Lecture in language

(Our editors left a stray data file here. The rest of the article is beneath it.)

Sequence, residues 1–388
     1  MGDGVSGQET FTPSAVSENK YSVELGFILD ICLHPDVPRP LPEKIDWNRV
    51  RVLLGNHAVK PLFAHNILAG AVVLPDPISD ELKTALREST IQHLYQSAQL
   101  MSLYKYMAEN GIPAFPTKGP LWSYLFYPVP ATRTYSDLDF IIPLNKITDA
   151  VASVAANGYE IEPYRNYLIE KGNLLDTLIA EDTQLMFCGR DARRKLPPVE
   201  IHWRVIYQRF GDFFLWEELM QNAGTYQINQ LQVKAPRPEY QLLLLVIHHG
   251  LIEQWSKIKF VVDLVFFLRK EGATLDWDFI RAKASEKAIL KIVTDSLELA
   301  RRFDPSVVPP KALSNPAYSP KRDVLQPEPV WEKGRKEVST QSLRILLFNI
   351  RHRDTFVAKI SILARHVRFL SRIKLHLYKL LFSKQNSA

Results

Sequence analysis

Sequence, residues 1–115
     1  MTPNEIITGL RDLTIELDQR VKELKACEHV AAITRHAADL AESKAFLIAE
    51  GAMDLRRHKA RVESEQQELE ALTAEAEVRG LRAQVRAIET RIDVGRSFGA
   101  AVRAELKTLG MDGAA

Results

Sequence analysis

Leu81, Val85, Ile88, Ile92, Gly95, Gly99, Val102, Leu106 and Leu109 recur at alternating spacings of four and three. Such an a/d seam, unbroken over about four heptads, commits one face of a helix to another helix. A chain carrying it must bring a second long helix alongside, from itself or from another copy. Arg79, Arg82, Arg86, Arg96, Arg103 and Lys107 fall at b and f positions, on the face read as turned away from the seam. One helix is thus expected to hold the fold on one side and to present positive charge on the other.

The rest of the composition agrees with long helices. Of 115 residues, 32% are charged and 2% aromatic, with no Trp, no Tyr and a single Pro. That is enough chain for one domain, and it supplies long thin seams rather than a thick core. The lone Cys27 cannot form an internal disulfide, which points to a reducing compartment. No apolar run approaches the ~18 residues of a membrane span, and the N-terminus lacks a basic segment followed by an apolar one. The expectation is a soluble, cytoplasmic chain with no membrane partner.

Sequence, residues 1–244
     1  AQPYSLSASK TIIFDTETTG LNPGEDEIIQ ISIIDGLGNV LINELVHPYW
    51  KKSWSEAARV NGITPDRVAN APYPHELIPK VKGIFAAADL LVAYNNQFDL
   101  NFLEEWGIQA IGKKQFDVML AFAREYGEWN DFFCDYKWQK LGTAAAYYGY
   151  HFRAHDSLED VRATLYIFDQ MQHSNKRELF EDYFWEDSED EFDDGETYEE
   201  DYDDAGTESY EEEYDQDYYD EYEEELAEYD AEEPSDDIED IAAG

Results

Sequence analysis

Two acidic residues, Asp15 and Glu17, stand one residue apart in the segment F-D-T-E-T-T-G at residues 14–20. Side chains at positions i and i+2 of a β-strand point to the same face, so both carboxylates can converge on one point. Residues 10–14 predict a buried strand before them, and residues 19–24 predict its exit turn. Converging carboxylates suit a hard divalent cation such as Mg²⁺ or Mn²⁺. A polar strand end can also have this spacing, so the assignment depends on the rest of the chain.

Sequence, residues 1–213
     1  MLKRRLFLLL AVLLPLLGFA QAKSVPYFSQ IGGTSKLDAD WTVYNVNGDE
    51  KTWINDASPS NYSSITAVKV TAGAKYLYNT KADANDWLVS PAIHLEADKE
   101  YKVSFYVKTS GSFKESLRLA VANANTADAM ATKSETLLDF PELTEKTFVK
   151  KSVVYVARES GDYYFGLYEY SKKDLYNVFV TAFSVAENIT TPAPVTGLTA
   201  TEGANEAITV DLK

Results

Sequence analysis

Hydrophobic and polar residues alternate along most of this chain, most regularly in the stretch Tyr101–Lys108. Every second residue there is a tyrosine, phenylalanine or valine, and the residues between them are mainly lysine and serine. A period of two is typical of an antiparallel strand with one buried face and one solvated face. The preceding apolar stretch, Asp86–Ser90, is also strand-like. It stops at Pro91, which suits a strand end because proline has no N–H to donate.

“I grew up near the border with Czechoslovakia and I had contacts with people from the cultural underground in Harrachov, a town in the Krkonoše Mountains. We used to meet, listen to music and talk in Czech and Polish lingo. In 1979, I went to Prague with a few of those people for New Year’s Eve and I came back with an illegal recording of the Plastic People. That’s how it all started”, he describes. Mirosłav Jasiński was one of the young dissidents who started to stand up in Central Europe in mid-1980s and who did not care as much about writing social and philosophical documents as they did about particular events. At that time, Poland was the centre of opposition activities in the Eastern Bloc with a great influence on the dissident movement in other communist countries. Mirosłav and his friends tried to build a bridge between the Polish and Czech dissent through the Polish-Czechoslovak Solidarity. There was a busy operation of exchanging samizdat literature, ideas and political jokes in the mountains along the Polish and Czech border.